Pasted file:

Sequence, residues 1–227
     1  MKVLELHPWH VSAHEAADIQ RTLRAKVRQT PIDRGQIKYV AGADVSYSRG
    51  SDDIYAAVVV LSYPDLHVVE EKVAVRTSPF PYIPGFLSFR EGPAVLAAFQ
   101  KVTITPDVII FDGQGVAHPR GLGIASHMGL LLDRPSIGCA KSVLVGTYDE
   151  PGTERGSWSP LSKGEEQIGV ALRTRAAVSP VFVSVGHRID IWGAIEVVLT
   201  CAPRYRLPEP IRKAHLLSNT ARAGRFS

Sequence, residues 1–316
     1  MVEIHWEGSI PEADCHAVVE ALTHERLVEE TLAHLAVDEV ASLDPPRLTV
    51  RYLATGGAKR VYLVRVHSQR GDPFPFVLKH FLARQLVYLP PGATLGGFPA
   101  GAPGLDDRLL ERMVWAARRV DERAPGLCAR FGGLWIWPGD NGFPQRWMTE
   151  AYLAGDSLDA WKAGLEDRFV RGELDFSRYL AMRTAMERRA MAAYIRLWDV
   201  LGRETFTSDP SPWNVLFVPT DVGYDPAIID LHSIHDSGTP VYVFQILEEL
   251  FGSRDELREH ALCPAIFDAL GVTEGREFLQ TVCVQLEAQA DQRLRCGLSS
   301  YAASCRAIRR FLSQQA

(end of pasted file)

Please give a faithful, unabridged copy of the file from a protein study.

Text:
Sequence, residues 1–227
     1  MKVLELHPWH VSAHEAADIQ RTLRAKVRQT PIDRGQIKYV AGADVSYSRG
    51  SDDIYAAVVV LSYPDLHVVE EKVAVRTSPF PYIPGFLSFR EGPAVLAAFQ
   101  KVTITPDVII FDGQGVAHPR GLGIASHMGL LLDRPSIGCA KSVLVGTYDE
   151  PGTERGSWSP LSKGEEQIGV ALRTRAAVSP VFVSVGHRID IWGAIEVVLT
   201  CAPRYRLPEP IRKAHLLSNT ARAGRFS

Sequence, residues 1–316
     1  MVEIHWEGSI PEADCHAVVE ALTHERLVEE TLAHLAVDEV ASLDPPRLTV
    51  RYLATGGAKR VYLVRVHSQR GDPFPFVLKH FLARQLVYLP PGATLGGFPA
   101  GAPGLDDRLL ERMVWAARRV DERAPGLCAR FGGLWIWPGD NGFPQRWMTE
   151  AYLAGDSLDA WKAGLEDRFV RGELDFSRYL AMRTAMERRA MAAYIRLWDV
   201  LGRETFTSDP SPWNVLFVPT DVGYDPAIID LHSIHDSGTP VYVFQILEEL
   251  FGSRDELREH ALCPAIFDAL GVTEGREFLQ TVCVQLEAQA DQRLRCGLSS
   301  YAASCRAIRR FLSQQA